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  • Writer's pictureCristina Lima Counselling

Said by a parent like you and me

Updated: Jan 30, 2021

“I feel so embarrassed by my kid’s meltdowns”.

“My child’s poor behaviours must be a reflection of my mistakes as a parent”.

“My kid keeps making bad decisions. I must be a terrible parent because I can’t make him/her/them change”.

These and other self-blaming and shaming thoughts are often accompanied by feelings of guilt that show up as anger, sadness or anxiety.

Because of that, parents sometimes react to their kid’s behaviours in angry or anxious ways, and others grow increasingly sad over time.

The good news is that there is something called developmental psychology that teaches us that the ways of thinking, feeling and behaving change throughout a person’s life.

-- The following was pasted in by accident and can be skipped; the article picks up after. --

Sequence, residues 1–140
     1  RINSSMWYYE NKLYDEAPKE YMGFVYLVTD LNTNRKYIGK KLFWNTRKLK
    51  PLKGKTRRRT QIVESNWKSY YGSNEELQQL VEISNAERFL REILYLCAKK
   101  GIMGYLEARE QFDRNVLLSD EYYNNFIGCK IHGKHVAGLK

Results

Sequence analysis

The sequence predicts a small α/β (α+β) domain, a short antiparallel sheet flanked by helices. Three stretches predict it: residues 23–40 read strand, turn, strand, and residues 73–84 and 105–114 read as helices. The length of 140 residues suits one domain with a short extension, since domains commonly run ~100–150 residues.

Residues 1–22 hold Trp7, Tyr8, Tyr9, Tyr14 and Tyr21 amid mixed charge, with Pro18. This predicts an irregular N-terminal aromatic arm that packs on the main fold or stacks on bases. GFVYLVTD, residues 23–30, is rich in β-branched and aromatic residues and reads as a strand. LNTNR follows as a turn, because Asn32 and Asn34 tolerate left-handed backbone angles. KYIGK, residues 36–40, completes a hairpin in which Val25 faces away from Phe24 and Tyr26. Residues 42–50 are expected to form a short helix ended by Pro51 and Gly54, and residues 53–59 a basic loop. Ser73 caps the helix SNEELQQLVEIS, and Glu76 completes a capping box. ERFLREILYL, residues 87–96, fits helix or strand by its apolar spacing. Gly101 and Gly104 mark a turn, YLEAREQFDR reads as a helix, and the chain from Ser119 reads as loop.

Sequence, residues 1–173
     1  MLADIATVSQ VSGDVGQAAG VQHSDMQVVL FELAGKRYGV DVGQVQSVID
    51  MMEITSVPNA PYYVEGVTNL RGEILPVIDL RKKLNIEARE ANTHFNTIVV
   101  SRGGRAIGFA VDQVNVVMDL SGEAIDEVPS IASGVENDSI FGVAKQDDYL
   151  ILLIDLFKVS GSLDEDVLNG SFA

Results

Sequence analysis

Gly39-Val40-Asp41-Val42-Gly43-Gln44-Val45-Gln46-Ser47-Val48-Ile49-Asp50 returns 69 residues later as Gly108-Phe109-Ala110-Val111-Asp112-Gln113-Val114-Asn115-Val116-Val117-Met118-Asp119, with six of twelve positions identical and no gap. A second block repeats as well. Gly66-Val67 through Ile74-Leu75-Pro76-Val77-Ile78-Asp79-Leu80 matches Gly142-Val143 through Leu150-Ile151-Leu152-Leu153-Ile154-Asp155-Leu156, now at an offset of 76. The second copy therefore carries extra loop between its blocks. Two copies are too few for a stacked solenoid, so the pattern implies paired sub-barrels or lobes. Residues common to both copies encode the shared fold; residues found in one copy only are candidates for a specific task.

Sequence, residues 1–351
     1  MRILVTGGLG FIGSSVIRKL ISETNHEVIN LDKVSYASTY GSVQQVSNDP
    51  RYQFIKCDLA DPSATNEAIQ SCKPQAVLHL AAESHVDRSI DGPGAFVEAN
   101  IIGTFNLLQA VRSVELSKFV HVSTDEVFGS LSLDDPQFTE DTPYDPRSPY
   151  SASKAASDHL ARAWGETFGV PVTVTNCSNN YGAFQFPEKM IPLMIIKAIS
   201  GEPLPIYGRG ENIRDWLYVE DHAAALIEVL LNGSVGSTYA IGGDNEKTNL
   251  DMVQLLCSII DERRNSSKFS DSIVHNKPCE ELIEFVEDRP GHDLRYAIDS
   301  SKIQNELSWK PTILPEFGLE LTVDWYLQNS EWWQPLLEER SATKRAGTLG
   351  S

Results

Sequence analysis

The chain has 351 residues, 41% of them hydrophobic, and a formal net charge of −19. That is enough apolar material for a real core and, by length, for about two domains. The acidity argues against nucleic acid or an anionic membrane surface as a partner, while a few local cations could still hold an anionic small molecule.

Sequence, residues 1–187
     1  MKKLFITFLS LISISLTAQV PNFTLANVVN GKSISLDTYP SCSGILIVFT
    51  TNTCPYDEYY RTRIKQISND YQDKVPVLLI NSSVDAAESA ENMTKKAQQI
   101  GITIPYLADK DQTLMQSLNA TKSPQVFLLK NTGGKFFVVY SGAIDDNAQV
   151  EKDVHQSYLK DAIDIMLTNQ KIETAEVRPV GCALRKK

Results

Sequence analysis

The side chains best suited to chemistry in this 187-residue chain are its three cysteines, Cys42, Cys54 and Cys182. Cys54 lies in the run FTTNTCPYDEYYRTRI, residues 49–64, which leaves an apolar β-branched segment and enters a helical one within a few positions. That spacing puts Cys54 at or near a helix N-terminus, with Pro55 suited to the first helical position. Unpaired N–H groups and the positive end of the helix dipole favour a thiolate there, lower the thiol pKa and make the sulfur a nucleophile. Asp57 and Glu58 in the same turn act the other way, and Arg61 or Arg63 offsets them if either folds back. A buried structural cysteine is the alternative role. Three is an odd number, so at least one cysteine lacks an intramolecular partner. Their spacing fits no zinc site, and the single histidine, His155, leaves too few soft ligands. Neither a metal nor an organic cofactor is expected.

A child’s misbehaviours, poor choices and meltdowns are often ways of communicating that they are struggling to meet the needs of their developmental stage.

When we understand the developmental stage our kids are in, the needs that they are struggling to meet, the stressors that they are facing, and the skill deficits that they are experiencing, we are able to move from a place of guilt to a place of resourcefulness.

The questions then change to: how can I meet my kids’ needs? What are the stressors that I can remove? What are the most effective and healthiest ways to teach my kid the skills that they are lacking?

May the difficult feelings that you experience be a guide to important reflections, self-compassion and new learnings.

For more on developmental psychology, check out Erik Erikson's Stages of Psychosocial Development here.

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